A favourite among some of my followers. The rule of thirds means that the object of your photo should be at an intersection located somewhere else than smack in the middle. That would be more pleasing to the eye. Well, I disagree, even if the principle were true in general. I like a lot of my work, especially reflections, with a horizon SMACK in the middle. I work intuitively, learn as I go and make up my own rules. Reinventing the wheel perhaps, but definitely evolving my way instead of fearfully studying all possible rules and techniques, or maybe attending a boring, ‘let’s drain those sheep of all their money’- kind of photography school, before finally venturing out. Does this make my photographs less pleasing to the eye? A growing number of buyers don’t seem to think so. And neither, of course, do I.

Cyclist, David de Leeuw Amsterdam 2015

2. ‘Make it a square!’

I truly have no idea why people so vehemently propagate square photos. I like all sorts of formats. Broad often makes a dramatic impression, long vertical photographs can both minimise and, therefore, accentuate some tiny detail(s) at the bottom edge. And, most importantly, I DO rather than THINK. My photographs come into existence without much thought, but with just the eye, intuition and experience. That is the ‘story’ and ‘philosophy’ behind my work.

3. ‘You always photograph reflections in water!’

Yes! 🙂 I bloody well photograph what I like. That’s what’s being an artist is about. If you don’t like it, don’t try and make me do something you DO like – go look for artists who cater to your needs. I do what I want and the popularity of my work is a pleasant consequence to me, not a driving factor. I am not an art takeaway – what were you thinking?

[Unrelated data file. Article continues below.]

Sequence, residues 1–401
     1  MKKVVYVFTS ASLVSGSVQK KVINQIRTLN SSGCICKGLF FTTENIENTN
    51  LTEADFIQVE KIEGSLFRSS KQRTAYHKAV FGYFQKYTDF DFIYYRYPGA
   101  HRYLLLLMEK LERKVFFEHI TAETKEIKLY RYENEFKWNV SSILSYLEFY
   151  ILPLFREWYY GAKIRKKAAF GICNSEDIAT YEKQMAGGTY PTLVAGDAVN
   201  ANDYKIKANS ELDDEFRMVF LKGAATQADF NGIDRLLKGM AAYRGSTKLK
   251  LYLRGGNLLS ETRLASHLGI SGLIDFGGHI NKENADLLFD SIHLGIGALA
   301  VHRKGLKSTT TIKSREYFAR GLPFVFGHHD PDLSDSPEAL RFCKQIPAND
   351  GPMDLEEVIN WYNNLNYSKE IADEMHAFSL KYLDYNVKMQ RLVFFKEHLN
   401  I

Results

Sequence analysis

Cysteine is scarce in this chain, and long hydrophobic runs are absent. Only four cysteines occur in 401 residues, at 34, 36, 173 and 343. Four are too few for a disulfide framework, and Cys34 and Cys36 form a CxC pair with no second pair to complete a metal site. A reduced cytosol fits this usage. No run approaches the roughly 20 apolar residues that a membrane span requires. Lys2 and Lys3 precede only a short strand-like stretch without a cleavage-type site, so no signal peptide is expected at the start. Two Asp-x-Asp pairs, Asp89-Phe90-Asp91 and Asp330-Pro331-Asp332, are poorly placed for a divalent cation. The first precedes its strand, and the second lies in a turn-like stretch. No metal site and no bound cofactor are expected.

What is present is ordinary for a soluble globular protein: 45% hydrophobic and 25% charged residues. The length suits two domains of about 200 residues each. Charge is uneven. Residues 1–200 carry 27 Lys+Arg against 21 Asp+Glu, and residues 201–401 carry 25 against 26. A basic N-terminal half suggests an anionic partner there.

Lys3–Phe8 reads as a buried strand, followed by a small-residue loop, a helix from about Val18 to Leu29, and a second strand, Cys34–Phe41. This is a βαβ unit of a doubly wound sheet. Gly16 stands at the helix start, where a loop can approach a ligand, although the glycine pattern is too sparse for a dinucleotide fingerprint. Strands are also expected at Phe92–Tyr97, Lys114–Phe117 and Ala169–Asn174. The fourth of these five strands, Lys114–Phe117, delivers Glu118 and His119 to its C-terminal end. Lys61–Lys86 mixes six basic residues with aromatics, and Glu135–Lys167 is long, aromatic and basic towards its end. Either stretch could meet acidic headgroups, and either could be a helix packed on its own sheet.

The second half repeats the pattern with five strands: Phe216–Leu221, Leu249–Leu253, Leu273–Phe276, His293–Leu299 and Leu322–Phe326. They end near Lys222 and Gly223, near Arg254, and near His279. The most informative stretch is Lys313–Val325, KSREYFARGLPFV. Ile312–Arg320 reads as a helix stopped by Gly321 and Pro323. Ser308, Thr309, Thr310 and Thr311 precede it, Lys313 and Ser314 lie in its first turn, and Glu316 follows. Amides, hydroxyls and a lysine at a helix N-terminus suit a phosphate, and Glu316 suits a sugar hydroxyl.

Now, this is not to say that I am a very accomplished photographer. Remember, I just started three years ago. I can safely say, however, that a lot of comments originate from people who –when I take a look at their photos- almost never succeed in bringing magic into their work. One can sense they are stifled by convention and obsessed with technique and equipment. ‘I have just bought a so-and-so camera with a this-and-that lense!’ they clamour, and still the results remain the same – bleak and boring, boring and bleak.

My equipment has been, and will be for some time, a modest compact camera – the Panasonic Lumix DMC LX5 and LX7. Suits me just fine and it’s all I need. I can carry it around and use it everywhere. Heck, I’ve seen people make fantastic shots with their mobile phones. Equipment is second to artistry. So, all you would-be critics: surpass me by your works, not words!

Two cities

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How to make an abstract selfie

Are you ready to reinvent yourself? Rembrandt did it, Van Gogh did it and so can you! We have an irresistible solution. Instead of going around with a selfie stick to get the best angle for your profile picture. Instead of going to the hairdresser or making radical life choices like gambling away your house or cutting off an ear, you could try Clippr. Clippr is an online image distorter developed by Elout the Kok, owner of Pixel Lab. It is fun to try and gives you an abstract portrait for free. Get your own artistic selfie at Clippr. You can’t change the world, but you can change yourself.

Unfortunately, the mobile version of Clippr has some difficulties. You can see how the tool works, though. To create your own work you will have to get to you desktop or laptop to run it. Sorry, we are working on that! We hope you will enjoy it anyway.


Metamorphosis: Van Gogh and Rembrandt meet Clippr

Tutorial on Clippr

Not sure how it works? Read the tutorial.